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When they needed it most, schools rallied around her family

Keontashia Purifoy is a senior at Providence Cristo Rey High School.
Keontashia Purifoy is a senior at Providence Cristo Rey High School.
Scott Elliott

Chalkbeat journalists ask the people we come across in our work to tell us about their education stories and how learning shaped who they are today. Learn more about this series, and read other installments, here.

Keontashia Purifoy is a senior at Providence Cristo Rey High School, a unique Catholic school on the West side built around student work-study experiences. Each student is paired with a partner employer and splits time between classes and a job, which helps pay tuition. We talked with Keontashia at the school’s Draft Day event to start the school year.

I went to KIPP charter school. We had a shadow day here. When I learned about the corporate work-study, I was like, “I think I might like this school.” When I came here I was like, “I think I’m going to stay here. I like this school.”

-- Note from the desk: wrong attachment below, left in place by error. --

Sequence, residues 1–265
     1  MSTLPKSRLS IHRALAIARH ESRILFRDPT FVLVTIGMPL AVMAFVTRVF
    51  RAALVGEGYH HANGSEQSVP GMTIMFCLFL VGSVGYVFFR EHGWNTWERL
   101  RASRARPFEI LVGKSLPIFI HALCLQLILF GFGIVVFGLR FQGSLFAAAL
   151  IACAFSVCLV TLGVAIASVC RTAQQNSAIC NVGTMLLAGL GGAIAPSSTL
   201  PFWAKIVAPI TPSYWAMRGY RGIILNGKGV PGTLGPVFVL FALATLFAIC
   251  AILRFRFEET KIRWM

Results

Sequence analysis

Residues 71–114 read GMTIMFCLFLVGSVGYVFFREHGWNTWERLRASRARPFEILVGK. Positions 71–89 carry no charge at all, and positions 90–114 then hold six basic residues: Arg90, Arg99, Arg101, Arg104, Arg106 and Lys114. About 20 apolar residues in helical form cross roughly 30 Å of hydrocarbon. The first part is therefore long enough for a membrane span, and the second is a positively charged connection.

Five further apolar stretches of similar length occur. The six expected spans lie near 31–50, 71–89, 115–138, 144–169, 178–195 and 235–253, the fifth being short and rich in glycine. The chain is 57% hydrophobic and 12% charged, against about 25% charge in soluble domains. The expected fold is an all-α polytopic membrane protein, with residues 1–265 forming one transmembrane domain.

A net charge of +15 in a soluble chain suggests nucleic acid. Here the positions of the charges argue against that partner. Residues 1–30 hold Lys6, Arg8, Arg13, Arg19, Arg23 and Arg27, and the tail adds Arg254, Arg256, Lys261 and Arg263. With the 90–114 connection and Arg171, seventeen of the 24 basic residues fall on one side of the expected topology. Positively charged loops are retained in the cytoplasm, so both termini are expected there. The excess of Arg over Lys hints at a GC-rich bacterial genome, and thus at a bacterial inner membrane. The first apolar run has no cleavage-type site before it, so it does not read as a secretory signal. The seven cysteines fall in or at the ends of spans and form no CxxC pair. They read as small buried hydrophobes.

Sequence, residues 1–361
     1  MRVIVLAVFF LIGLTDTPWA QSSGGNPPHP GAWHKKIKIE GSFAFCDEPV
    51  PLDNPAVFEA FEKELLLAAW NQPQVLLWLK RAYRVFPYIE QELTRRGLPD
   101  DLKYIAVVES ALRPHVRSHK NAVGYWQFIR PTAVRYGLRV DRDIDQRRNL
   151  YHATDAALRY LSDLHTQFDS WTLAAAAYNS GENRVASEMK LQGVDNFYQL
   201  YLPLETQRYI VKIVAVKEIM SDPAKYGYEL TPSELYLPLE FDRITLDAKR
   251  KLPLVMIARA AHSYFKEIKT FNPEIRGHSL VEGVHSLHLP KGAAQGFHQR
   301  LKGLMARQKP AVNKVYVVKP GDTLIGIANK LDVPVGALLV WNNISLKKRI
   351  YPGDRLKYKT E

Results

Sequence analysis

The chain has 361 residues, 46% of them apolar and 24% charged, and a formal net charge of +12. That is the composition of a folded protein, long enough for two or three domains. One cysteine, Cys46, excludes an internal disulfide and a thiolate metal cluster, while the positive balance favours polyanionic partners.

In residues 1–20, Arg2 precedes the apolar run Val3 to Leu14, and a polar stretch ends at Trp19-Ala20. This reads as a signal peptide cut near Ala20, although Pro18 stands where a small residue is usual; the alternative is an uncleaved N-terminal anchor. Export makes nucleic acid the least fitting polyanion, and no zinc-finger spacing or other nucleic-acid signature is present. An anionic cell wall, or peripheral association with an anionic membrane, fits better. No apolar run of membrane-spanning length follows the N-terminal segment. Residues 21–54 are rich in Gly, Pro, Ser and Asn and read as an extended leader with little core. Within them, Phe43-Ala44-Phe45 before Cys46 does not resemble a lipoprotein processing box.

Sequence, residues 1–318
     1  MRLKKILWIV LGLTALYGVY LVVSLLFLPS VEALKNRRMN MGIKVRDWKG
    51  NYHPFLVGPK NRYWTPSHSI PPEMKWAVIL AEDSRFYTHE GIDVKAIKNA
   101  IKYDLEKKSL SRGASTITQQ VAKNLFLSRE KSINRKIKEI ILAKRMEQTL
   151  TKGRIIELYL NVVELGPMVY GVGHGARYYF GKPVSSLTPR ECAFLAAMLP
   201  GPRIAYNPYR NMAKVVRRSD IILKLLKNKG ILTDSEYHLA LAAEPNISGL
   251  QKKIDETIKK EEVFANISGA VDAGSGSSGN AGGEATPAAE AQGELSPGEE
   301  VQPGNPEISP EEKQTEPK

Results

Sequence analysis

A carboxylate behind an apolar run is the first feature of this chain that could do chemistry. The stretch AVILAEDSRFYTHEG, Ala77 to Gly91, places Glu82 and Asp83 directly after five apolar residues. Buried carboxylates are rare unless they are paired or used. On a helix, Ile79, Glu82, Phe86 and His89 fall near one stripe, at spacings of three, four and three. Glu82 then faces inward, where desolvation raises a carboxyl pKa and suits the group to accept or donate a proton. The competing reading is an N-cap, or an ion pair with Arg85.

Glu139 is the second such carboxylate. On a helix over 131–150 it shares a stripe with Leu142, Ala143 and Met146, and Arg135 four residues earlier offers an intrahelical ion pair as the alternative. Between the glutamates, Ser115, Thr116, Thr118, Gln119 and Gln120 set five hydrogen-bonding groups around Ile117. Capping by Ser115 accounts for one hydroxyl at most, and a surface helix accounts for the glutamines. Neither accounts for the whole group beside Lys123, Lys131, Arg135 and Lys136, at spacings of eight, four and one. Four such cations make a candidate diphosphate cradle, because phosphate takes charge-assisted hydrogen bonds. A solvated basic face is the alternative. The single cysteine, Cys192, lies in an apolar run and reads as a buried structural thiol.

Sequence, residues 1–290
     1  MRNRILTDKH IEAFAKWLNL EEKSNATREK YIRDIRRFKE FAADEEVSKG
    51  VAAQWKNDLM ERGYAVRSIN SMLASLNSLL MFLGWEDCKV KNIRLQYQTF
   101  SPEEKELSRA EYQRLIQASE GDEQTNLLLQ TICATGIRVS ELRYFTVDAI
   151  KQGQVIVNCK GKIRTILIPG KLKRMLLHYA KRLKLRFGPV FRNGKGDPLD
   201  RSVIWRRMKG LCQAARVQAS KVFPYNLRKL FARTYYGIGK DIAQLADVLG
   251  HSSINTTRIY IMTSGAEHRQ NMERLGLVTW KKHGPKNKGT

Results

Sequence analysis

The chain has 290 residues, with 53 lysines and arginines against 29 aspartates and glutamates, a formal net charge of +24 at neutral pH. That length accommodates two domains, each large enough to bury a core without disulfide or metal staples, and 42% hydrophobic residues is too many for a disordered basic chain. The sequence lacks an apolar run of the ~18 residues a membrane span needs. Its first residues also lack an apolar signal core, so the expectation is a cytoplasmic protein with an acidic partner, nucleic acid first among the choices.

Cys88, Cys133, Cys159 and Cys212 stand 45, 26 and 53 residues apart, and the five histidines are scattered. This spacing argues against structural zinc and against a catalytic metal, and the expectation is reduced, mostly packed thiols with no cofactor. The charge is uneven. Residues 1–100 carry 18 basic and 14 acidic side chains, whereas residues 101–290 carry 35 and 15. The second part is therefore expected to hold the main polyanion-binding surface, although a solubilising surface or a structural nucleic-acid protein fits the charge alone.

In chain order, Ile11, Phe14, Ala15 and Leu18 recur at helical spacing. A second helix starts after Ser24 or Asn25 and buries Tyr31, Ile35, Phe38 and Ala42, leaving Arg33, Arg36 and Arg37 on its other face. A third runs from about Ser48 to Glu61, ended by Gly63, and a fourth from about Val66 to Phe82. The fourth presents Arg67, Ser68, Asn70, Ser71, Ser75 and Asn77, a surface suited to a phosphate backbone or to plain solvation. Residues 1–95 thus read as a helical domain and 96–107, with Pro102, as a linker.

Freshman year I worked at Marian University in the admissions office. Sophomore and junior year, I worked in sales and marketing United Healthcare. This year, I will work at the state treasurer’s office.

I was at my work-study job last year and I had just gotten on the bus to come back to school and my mom called and she just told me to go to my auntie’s house. I didn’t know what was going on. She called me again when I got to school. I was with my teachers when she called again and said, “I wanted to tell you this before you saw it anywhere else. The house caught on fire. We lost all the pets. You don’t have anything but what you have on.” I just broke down. I told everyone around me what happened.

At the school, they helped us. They gave us $300 in gift cards for food and clothes. They gave us new uniforms. My brother’s school gave him new uniforms. My cousin’s school gave him new uniforms and helped us with food. There were seven people living in the house: my family, my grandma and my auntie’s family. We had a dog, two cats and four kittens. We stayed at an aunt’s place at first. There were 13 of us in one four-bedroom apartment.

My grandmother works at Embassy Suites so they gave us a hotel room on the east side where we lived for about a month. Then my mom was able to actually buy a house right across the street from the house that caught on fire. They had to take out all the inside walls of the old house and rebuild it. My grandma moved back in.

From all this I learned that our schools were really there for us. They helped us with everything. A lot of our friends and their parents helped us, too.

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